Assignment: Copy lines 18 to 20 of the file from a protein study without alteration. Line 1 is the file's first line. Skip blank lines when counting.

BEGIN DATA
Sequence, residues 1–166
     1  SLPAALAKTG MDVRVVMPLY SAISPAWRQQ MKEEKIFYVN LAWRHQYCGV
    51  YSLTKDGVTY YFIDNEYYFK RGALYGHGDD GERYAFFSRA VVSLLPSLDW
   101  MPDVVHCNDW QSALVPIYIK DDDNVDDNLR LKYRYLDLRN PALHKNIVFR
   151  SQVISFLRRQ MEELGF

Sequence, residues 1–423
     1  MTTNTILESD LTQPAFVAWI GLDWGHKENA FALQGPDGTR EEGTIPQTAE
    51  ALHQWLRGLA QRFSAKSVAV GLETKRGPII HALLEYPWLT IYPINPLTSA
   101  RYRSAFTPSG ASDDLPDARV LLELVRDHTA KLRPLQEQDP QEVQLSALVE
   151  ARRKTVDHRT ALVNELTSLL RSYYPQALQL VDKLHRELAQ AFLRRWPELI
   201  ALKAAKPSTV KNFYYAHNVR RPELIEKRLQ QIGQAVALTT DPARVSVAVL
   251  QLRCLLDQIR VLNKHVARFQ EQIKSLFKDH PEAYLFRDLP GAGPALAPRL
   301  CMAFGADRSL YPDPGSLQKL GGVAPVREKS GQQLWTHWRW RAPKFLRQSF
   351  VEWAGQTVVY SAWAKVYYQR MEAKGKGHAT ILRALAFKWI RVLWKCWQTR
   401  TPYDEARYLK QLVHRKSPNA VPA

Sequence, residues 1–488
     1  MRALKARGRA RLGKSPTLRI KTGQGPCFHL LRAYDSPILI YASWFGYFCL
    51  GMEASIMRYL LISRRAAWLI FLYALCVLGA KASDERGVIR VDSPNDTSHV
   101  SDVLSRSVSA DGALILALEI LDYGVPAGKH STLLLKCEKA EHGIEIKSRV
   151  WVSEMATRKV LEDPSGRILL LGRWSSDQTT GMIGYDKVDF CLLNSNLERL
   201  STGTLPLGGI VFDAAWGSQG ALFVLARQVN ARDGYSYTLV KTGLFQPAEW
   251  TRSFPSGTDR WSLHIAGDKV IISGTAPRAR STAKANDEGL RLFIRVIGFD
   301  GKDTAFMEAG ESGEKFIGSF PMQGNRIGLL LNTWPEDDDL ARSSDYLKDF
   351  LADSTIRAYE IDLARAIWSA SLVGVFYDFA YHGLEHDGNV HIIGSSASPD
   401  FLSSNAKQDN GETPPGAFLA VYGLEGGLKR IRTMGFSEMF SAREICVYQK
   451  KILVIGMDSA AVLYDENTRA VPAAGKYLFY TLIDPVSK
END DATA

    51  GMEASIMRYL LISRRAAWLI FLYALCVLGA KASDERGVIR VDSPNDTSHV
   101  SDVLSRSVSA DGALILALEI LDYGVPAGKH STLLLKCEKA EHGIEIKSRV
   151  WVSEMATRKV LEDPSGRILL LGRWSSDQTT GMIGYDKVDF CLLNSNLERL